Department of Teaching, Learning and Teacher Education


Date of this Version



Campbell, B. S. (2015). From literacy to literacies: Negotiating multiple
literacies in the English classroom (Unpublished doctoral dissertation).
University of Nebraska, Lincoln, NE.


A DISSERTATION Presented to the Faculty of The Graduate College at the University of Nebraska In Partial Fulfillment of Requirements For the Degree of Doctor of Education, Major: Educational Studies (Teaching, Curriculum, and Learning), Under the Supervision of Professor Guy Trainin. Lincoln, Nebraska: December, 2015

Copyright (c) 2015 Breanne S. Campbell


This dissertation is a narrative description of my teaching moves as I attempted to negotiate within my classroom both traditional print literacy and new literacies afforded by emerging technology. In this study, I sought to reconcile my rhetoric with my reality (Zeichner, 1999) by teaching students how to read and design multimodal compositions within the traditional framework and curriculum required by my school district. Students composed traditional memoirs and then participated in the synaesthesia process by remediating their memoirs using technology. Students were also asked to write a Statement of Goals and Choices (Shipka, 2011), reflecting on their own rhetorical and design choices.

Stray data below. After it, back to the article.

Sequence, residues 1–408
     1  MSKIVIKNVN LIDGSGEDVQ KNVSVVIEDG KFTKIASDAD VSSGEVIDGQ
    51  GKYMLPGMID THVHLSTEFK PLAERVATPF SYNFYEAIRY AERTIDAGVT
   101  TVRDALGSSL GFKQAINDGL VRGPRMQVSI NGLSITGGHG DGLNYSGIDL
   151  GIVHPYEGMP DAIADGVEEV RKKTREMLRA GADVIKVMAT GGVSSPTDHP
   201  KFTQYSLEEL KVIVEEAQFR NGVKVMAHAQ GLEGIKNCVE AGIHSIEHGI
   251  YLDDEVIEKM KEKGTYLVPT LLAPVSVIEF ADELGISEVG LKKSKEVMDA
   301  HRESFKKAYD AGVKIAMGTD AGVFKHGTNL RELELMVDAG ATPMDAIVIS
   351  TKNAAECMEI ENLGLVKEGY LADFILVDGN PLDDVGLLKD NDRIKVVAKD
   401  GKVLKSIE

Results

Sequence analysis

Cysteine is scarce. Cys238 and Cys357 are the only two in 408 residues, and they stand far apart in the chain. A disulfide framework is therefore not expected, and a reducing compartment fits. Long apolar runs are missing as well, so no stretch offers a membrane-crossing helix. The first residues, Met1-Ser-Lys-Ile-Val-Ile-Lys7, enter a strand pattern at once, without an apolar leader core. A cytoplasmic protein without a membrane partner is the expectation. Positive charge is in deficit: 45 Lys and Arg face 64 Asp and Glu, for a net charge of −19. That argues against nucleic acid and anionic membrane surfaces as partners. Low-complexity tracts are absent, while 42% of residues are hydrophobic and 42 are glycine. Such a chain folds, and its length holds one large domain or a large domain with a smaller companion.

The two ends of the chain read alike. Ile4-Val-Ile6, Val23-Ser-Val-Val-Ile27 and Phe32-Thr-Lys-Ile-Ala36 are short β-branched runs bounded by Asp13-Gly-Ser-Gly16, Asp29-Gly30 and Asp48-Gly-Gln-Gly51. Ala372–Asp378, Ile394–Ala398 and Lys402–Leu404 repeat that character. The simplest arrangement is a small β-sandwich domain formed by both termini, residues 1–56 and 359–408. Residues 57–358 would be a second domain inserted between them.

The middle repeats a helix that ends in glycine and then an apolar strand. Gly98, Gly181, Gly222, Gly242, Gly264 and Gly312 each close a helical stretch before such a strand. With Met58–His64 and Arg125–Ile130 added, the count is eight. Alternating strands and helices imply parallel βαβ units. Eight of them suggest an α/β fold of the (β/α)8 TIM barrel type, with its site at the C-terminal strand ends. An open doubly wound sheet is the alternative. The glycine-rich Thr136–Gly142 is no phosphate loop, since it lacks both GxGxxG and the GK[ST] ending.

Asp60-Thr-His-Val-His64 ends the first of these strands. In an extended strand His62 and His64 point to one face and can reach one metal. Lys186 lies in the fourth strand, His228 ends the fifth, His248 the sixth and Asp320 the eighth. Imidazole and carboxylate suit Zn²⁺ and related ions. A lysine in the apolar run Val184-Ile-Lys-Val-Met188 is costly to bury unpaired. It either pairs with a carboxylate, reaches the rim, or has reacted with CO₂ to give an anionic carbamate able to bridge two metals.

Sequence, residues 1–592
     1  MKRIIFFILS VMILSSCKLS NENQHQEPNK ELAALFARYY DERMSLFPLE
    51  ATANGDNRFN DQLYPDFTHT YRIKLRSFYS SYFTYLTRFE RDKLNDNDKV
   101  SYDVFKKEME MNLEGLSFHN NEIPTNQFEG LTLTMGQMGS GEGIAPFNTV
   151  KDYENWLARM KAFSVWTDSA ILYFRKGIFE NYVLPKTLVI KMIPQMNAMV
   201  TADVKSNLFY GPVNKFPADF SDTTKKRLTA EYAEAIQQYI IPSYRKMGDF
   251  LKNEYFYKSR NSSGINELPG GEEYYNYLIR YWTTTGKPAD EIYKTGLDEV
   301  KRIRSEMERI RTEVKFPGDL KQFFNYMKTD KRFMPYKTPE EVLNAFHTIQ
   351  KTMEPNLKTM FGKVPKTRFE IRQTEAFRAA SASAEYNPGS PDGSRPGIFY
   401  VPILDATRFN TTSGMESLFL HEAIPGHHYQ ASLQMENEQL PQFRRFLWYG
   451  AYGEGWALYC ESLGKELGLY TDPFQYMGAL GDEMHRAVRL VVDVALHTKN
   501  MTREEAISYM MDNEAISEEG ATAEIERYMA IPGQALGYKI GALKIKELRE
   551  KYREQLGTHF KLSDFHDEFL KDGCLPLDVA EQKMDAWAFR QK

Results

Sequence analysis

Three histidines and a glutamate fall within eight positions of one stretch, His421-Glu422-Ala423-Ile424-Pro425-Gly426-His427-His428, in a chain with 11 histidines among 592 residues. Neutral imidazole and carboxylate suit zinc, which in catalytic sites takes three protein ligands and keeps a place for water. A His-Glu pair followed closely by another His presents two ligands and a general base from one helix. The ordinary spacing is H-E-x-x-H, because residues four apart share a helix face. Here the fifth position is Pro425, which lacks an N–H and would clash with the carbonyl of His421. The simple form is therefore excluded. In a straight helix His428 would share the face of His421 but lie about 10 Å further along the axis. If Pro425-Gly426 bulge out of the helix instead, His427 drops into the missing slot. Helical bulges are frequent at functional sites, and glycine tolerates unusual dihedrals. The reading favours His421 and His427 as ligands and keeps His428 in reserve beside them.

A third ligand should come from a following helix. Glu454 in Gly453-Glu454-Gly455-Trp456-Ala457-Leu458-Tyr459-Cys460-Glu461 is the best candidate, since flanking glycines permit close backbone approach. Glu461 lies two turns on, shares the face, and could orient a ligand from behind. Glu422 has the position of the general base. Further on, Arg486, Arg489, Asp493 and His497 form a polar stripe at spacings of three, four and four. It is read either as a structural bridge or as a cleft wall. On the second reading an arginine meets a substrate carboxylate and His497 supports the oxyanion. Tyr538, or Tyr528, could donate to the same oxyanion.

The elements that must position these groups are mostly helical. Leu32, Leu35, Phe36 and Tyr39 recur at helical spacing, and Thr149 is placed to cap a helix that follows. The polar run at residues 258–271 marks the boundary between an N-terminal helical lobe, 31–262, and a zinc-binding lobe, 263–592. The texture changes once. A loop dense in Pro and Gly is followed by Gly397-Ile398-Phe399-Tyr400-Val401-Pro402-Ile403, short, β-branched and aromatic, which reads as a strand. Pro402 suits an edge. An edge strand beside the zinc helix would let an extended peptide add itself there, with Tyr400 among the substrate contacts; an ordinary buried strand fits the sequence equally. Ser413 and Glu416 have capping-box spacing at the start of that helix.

To study the negotiation of multiple literacies in my classroom, I developed a study in which I sought to understand how I operationalized a Multiliteracies pedagogy and teaching multimodal composition; and how my students made sense of composing multimodally and their rhetorical and design choices in the composition process. To answer these questions, I drew from a phenomenographic research tradition, which aims at the “understanding of experiences” (Marton, 1981, p. 177). Participants included 21 of my ninth grade advanced English students, myself, and Elizabeth, a colleague. Data collected took the form of an interview, field notes, and student-created artifacts including their Remediated Memoir and Statement of Goals and Choices. All data were analyzed using an open-ended protocol where utterances of interest were identified and organized into categories of descriptions, which served as themes which were further explored.

From this project, I discovered a profound shift in agency where my students’ voices were elevated while my role as teacher transformed more to that of facilitator. This research contributes to current discourse by presenting my teaching moves and representing students’ perspectives, where previously there has been little representation.

Advisor: Guy Trainin